“Pediatric Endotracheal Intubation” by Josh Nagler for OPENPediatrics

By Adem Lewis / in , , , , , , , , , , , , , , , , , , , , , , , , , , /

Pediatric Endotracheal Intubation by Dr. Joshua
Nagler. This instructional video will discuss the
indications and contraindications for tracheal intubation. It will review pertinent airway anatomy, and
the procedural equipment, the steps required to successfully perform tracheal intubation,
including appropriate aftercare, will be demonstrated. Additionally, potential complications and
common pitfalls will be discussed. Use of a standard checklist is recommended
to evaluate each patient for risks associated with tracheal intubation, and generate appropriate
plans to best minimize these risks. Tracheal intubation is an essential skill
utilized to facilitate respiratory support in children with life-threatening conditions,
as well as those who require airway protection, including patients undergoing general anesthesia. This video will not cover bag mask ventilation
or predictors of difficult airways. In addition, the focus here is on the use
of direct laryngoscopy, although there is increasing recognition of potential advantages
to using video laryngoscopy for endotracheal intubation. Indications. Tracheal intubation is indicated for any of
the following– failure of oxygenation or ventilation, inability to maintain or protect
the airway, severe systemic conditions for which stabilization of the airway’s beneficial,
elective anesthesia, or completion of diagnostic or therapeutic procedures which cannot be
performed without a controlled airway. Contraindications. In an emergency, there are no absolute contraindications
to intubation except if the patient has an advanced directive against advanced airway
placement. Relative contraindications to intubation include
an anticipated difficult airway with concerns for difficulty either with bag mask ventilation,
or of successful intubation. In these cases, use of available resources
are encouraged, including consultation with an expert in airway management, activation
of an airway emergency team if this exists in your institution, and preparation for advanced
airway techniques. It is helpful to review a patient’s airway
history if it is available in the medical record, assessing for prior difficulties with
bag mask ventilation or intubation, or if a rescue plan such as a supraglottic airway
placement has been required. Anatomy. Knowledge of the relevant anatomy of the upper
airway and larynx is essential to successful intubation. Key anatomical landmarks to note during intubation
include the epiglottis, vallecula, arytenoids– also known as the posterior cartilages– aryepiglottic
folds, vocal cords, glottic opening. Differentiating the glottic opening from the
esophagus is critical. Equipment. Preparation of equipment is a key step prior
to intubation. Required equipment for tracheal intubation
via direct laryngoscopy includes the following– supplemental oxygen delivery devices, such
as a non-rebreather mask and nasal cannula, bag mask system– either flow-inflating or
self-inflating depending on your department’s practice– laryngoscope handle, laryngoscope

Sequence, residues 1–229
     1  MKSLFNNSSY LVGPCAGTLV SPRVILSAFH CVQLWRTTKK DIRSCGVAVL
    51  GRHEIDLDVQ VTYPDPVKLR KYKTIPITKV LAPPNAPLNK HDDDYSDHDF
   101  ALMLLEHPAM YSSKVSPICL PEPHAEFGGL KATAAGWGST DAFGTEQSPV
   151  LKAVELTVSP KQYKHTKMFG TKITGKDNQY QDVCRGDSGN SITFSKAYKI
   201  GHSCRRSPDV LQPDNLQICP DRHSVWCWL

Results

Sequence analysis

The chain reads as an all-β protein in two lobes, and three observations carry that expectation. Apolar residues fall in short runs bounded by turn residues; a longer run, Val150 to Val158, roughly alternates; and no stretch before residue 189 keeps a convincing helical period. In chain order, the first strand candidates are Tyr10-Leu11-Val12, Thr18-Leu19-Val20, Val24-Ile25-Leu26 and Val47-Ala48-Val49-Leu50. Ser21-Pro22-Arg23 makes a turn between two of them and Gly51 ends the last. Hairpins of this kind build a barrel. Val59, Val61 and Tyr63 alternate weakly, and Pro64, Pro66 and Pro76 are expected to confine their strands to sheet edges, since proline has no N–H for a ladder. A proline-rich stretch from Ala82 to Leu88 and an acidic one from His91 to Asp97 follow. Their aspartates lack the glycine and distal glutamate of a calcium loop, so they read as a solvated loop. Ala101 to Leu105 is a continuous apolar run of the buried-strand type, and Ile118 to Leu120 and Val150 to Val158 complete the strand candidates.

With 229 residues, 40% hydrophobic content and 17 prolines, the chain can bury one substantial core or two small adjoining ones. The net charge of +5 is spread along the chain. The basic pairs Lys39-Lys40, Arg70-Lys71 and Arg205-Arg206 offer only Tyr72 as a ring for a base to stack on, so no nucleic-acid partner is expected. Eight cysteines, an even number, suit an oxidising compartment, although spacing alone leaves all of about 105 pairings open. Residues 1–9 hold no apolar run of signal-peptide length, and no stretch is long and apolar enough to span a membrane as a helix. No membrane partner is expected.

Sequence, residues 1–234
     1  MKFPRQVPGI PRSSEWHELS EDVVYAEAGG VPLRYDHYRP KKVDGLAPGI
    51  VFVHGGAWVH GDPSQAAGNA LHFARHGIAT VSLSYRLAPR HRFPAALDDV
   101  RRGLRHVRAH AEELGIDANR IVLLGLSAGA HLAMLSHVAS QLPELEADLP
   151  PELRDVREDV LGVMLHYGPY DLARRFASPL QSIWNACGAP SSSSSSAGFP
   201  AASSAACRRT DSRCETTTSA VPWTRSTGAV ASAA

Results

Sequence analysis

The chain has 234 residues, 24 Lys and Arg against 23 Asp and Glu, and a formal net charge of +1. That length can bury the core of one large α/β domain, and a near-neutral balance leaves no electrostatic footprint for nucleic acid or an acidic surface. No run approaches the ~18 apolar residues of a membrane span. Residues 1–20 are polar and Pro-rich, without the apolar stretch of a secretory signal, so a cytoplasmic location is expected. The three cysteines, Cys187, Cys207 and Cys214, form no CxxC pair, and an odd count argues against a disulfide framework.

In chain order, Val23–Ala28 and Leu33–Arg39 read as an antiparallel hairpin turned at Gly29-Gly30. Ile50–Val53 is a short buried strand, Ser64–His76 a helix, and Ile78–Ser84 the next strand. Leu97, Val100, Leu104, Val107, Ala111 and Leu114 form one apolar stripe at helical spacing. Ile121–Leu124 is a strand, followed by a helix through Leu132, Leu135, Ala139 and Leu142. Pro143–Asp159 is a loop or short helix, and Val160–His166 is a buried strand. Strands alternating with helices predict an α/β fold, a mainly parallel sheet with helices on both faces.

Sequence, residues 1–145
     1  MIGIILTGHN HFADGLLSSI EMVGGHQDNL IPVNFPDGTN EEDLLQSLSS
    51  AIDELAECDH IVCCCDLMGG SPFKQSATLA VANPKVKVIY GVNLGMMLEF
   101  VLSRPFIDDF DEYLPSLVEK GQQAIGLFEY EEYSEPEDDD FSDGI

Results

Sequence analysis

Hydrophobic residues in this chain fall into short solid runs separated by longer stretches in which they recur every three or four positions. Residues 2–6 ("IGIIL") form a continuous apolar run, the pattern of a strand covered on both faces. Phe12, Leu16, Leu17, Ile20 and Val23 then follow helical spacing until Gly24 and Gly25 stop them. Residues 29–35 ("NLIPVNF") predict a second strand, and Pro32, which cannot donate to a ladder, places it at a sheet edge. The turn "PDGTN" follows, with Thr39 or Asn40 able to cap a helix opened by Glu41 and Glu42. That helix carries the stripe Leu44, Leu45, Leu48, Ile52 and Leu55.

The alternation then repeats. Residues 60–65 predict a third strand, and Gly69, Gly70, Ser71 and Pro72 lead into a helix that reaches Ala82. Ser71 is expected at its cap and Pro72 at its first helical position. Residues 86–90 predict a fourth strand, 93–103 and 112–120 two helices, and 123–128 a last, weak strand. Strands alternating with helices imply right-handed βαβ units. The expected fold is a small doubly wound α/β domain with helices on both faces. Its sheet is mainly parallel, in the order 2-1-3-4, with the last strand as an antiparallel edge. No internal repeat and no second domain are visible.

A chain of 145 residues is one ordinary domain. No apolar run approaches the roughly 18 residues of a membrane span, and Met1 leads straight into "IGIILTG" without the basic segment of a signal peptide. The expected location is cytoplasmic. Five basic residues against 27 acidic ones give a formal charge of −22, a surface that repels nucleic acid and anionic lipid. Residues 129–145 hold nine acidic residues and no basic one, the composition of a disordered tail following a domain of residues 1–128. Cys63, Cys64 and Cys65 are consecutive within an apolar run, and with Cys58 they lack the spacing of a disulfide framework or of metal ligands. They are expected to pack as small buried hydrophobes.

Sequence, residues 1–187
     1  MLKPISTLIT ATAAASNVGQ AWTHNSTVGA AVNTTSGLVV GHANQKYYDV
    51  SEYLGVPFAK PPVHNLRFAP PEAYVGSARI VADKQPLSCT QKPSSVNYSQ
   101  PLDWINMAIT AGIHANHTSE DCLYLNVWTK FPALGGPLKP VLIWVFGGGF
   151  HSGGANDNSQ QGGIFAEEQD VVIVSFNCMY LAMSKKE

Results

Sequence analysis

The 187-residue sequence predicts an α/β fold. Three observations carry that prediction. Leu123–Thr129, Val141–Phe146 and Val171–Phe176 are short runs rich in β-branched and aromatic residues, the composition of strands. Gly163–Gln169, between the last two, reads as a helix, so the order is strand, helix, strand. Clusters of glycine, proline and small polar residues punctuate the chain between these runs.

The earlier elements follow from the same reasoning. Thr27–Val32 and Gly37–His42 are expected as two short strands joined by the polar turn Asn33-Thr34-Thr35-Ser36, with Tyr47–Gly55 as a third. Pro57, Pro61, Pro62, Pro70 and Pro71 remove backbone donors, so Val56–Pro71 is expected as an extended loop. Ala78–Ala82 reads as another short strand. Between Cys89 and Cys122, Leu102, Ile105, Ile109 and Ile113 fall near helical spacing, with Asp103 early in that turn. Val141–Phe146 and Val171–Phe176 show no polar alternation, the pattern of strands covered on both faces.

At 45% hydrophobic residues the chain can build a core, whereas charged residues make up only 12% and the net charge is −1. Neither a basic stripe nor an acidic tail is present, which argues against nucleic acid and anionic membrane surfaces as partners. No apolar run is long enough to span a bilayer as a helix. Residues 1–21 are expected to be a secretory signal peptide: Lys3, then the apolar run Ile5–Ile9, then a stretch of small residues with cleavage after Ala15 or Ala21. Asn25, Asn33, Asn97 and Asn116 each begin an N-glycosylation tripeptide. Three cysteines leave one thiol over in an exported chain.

blade of the appropriate size and type for the patient. The laryngoscope should be assembled, and
you should have confirmed that the light source is functioning. Endotracheal tubes that are appropriately
sized for the patient should be available, as well as smaller and larger options to be
used if necessary. A stylet that is strongly recommended for
non-elective intubations. After the stylet is placed, the endotracheal
tube should be placed back into its original packaging so it’s kept clean. CO2-detecting devices, such as a colorimetric
detector, or in-line end-tidal CO2 detector, endotracheal tube securing device, or tape. Suction devices– the team should ensure that
a tonsil-tip suction catheter is attached to wall suction adjusted to 80 to 100 millimeters
of mercury. A flexible suction catheter small enough to
pass into the nares and down the endotracheal tube should also be available. A stethoscope, personal protective equipment,
including gloves and other items as per your department standard, should also be obtained
prior to starting the procedure, and a rescue plan should include alternatives to direct
laryngoscopy, as well as the supraglottic airway. The suggested endotracheal tube size and laryngoscope
blade can be determined by the patient’s age. The predicted correct endotracheal tube size
can be calculated using commonly-accepted formulas, or by using electronic or print
references for resuscitation. Identifying and becoming familiar with a given
approach to endotracheal tube selection in advance can help reduce the cognitive load
during this high-stakes clinical procedure. Ensuring the appropriate personnel are present
for the procedure is critical. The intubation team members may include airway
provider who performs the intubation procedure, team leader– it is ideal to identify a team
leader separate from the airway provider. However, depending upon the situation, this
may not always be feasible. Nursing staff, respiratory therapists. It is important to clarify the responsibilities
of each provider present during the procedure, including who will be handing the endotracheal
tube to the intubator, who will be securing the tube and providing positive pressure ventilation,
and who will be observing the patient’s vital signs during the procedure to alert the intubator
of any significant changes. In cases of a known or anticipated difficult
airway, an otolaryngologist or anesthesiologist with training in pediatric advanced airway
techniques should be consulted whenever available. Prior to the procedure, review local protocols
for calling emergency assistance in the event of an unanticipated difficult tracheal intubation. Procedural steps. The first step, when time allows, is to utilize
a checklist to review intubation risks in the airway management plan. The next step is to choose the appropriate
size and type of endotracheal tube. A stylet should be inserted appropriately
so that it is not protruding from either the end of the tube, or out the Murphy’s eye. Next, the equipment should be rechecked to
ensure that it is all readily available, and in working order. The team should ensure that the patient has
monitoring leads, and a pulse oximeter in place. The blood pressure cuff should be placed on
a different extremity than the pulse oximeter, and set to cycle frequently. Check that the IV is patent and functioning. Waveform capnography can be used to monitor
adequate bag mask ventilation and confirmation of tracheal intubation. The patient should be appropriately positioned